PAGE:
the milk (hold back about 1/2 cup) to get a nice smooth mixture about 
the thickness of half-and-half or a light whipping cream. It should easily 
run of the spoon. Add the remaining milk if needed and even a little more 
could be possible for the right thickness. Heat a 9-10 inch skillet well
(medium/high) and add about a 1/3 teaspoon of margarine. Add about a soup 
spoon (6-8oz) full of batter and tilt the pan to spread the batter evenly. 
Cook until brown edges show (minute or two) and then turn over for 30 seconds 
to brown other side. Stack on plate to keep warm (or in 200F oven) and repeat 
to make the rest of the crepes.
Spread a light coating of cinnamon sugar on each and roll tightly. The filling 
can be anything you like including: Maple syrup, honey, strawberry glaze, jelly,
chocolate, cooked vegetables, minced meats or even spicy black bean sauce to 
make an appetizer. Serve at once (when rolled) and decorate the plate as you like.
Eet smakelijk (Bon appetite)

Swedish Flop Cake

Swedish Flop

1 package dry yeast
1/4 cup warm water
1/2 cup butter or margarine
2 cups sifted flour
1/2 teaspoon salt
2 egg yolks, beaten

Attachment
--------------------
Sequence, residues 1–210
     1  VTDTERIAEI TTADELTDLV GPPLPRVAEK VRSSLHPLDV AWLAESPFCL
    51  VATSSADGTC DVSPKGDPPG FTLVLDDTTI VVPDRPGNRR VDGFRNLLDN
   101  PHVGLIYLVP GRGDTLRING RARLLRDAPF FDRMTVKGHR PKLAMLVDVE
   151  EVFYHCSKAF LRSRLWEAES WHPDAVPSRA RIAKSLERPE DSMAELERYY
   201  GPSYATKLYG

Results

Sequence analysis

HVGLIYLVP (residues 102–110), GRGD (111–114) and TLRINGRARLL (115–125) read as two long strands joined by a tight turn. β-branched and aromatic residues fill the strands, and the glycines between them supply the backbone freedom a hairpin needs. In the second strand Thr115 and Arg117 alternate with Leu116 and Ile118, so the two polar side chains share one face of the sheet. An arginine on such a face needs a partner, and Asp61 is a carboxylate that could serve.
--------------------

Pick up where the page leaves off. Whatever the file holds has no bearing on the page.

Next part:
1/4 cup milk, scalded and cooled to lukewarm
1 teaspoon vanilla

3 tablespoons flour
1/4 teaspoon salt
1/2 cup butter or margarine
1/2 cup milk
1/2 cup powdered sugar
1 teaspoon vanilla

1/4 cup butter or margarine
1/3 cup brown sugar
1 teaspoon ground cinnamon

1. Dissolve yeast in warm water. Meanwhile, mix flour and salt, then cut 
butter into the flour. Add the dissolved yeast, egg yolks, milk and vanilla. 
Mix well -- cover and refrigerate for 1 hour.
2. Meanwhile, make Topping: Combine butter, brown sugar and cinnamon until 
crumbly in a small bowl. Set aside.
2. Spread mixture in a well-greased 8-inch square pan -- spread topping over 
cake. Cover and let rise in warm place for 1 hour. Preheat oven to 350 degrees 
and bake dough for 35 minutes. Remove and cool.